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  • jfeddock

I got to “Talk to a Man About a Horse”

Today I was given a wonderful opportunity to use my talents in performing radiation implants in a different kind of patient… a horse. This does not happen very often, and as I was informed today, this was the first ever radiation implant of its kind (for a horse) performed in the state of Kentucky, and even more incredible, this was the first Cesium-131 interstitial implant ever performed in a horse! I am unable to say if this will be successful or not at this time, but simply being asked for my expertise, and then being able to visit such a wonderful equine facility was not only a tremendous honor, but one amazing experience.

A few specifics, this is an 8 year old horse referred to as an American Saddlebred Gelding. It was formerly a show horse, but has a very loving family who wishes to keep it around longer. The horse has a type of cancer called a malignant peripheral nerve sheath tumor involving its upper eyelid and orbit; it is also sometimes referred to as a neurofibrosarcoma. The horse has previously underwent 4 surgeries and multiple rounds of chemotherapy injections, but the cancer continues to grow. It is our hope that my radiation implant will be the last cancer therapy it needs! I will see the horse again in a few weeks, and will update then. In the meantime, I was given permission by the horse owner and the hospital staff to share these photos:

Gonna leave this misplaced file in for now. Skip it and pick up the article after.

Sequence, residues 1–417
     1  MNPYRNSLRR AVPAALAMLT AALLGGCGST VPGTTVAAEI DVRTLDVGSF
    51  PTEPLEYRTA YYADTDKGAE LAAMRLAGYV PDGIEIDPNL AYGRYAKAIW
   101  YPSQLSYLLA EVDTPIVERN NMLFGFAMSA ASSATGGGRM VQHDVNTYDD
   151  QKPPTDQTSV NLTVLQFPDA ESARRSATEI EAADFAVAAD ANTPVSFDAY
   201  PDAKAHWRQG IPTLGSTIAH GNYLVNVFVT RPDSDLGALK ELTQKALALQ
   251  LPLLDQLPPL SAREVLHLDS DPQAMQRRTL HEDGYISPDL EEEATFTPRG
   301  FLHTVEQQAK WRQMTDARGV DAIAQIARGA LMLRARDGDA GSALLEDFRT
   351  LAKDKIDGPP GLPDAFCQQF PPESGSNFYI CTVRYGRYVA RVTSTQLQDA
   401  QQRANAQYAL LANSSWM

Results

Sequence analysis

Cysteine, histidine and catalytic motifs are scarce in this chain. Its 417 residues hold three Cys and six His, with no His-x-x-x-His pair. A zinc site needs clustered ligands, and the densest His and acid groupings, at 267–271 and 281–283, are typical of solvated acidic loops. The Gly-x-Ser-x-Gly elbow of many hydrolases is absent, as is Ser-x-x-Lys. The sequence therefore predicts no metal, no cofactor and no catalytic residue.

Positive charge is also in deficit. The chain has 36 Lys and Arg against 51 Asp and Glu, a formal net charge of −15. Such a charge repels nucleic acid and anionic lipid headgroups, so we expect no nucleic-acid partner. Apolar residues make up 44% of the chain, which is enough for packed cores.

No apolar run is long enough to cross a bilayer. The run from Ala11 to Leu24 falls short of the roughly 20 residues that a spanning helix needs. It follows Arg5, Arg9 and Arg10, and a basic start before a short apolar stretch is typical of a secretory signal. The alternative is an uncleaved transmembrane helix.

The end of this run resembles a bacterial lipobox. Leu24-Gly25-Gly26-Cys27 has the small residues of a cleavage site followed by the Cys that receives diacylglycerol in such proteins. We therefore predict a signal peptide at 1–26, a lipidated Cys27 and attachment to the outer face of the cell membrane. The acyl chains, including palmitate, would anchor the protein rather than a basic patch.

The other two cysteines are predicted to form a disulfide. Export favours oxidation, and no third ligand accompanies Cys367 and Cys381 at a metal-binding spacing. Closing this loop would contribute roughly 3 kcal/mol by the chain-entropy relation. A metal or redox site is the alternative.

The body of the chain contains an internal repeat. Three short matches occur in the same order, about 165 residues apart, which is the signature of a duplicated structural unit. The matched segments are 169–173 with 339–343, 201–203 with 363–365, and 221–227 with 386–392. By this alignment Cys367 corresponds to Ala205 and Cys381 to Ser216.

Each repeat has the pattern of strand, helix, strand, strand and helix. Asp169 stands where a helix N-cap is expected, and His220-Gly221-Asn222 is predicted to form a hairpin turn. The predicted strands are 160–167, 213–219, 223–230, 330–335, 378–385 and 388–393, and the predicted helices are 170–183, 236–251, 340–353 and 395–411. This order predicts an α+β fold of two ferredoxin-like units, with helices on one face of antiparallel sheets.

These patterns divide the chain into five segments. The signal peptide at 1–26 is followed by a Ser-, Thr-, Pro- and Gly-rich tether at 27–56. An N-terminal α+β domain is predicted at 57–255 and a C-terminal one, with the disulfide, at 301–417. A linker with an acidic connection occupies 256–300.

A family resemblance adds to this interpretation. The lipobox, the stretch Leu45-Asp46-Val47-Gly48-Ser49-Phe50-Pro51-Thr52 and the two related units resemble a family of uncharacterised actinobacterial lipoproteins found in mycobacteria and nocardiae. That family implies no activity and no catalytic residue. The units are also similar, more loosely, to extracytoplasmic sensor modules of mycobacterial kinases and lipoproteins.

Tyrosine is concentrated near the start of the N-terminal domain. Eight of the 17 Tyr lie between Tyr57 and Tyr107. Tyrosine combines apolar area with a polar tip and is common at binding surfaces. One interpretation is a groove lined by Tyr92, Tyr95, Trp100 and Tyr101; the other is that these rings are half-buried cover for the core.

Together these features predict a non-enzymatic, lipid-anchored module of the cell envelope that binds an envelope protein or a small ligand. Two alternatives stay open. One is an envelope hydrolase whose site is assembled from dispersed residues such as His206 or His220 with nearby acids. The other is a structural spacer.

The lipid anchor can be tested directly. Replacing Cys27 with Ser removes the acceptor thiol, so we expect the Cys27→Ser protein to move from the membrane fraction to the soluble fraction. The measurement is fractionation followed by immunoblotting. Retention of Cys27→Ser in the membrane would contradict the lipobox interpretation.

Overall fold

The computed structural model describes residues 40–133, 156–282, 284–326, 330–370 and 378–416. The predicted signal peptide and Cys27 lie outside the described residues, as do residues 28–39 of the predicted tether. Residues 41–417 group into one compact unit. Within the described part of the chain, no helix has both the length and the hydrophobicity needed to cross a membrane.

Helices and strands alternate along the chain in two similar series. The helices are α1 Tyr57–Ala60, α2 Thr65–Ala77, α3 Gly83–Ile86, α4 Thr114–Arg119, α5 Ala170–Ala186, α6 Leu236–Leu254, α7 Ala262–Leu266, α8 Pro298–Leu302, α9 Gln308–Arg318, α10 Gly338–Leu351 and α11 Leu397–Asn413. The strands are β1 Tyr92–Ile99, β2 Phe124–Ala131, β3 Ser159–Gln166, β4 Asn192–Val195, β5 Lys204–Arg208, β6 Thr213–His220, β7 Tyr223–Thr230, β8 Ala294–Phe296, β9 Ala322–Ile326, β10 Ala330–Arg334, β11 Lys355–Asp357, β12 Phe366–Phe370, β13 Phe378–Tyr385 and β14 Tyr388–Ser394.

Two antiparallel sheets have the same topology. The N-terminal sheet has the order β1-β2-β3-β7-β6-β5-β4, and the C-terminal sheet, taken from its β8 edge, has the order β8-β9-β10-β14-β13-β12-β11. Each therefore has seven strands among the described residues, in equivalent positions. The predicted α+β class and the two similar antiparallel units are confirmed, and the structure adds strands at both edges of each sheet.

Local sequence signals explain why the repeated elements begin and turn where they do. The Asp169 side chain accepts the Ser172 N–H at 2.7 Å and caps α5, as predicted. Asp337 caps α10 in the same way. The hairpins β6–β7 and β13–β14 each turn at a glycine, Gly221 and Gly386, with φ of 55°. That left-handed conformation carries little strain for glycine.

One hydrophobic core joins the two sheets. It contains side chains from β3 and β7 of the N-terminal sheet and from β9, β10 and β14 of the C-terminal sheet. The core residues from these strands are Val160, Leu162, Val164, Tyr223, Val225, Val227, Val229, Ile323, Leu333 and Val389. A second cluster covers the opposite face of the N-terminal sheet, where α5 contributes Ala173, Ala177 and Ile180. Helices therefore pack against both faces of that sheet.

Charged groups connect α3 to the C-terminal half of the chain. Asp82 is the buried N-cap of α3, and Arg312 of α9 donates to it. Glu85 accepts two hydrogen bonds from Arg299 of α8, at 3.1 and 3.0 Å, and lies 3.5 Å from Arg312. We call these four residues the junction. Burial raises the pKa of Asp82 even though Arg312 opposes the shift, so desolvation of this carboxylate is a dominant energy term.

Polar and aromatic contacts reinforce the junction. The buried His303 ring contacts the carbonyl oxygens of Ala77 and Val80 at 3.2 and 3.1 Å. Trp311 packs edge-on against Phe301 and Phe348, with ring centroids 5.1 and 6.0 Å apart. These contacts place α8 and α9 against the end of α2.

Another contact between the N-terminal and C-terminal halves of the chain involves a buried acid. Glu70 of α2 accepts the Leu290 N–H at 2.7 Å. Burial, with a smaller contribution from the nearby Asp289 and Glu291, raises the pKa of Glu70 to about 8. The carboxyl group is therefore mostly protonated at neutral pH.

Specifically, for those interested, I implanted 26 radioactive seeds throughout the tumor in an effort to deliver a high radiation dose to a targeted area. This is a radiation treatment that is permanent, and the radiation seeds slowly give off radiation over the next 2 weeks. Hopefully, this tumor should be gone in about 6-8 weeks.

If you want to learn more about Cesium-131 or how this procedure works, check out the Isoray Medical homepage (and check on the Gynecologic cancers link… you’ll find more about our work at UK!) http://www.isoray.com

And then, shortly following this procedure, I received quite a bit of recognition for performing this implant:


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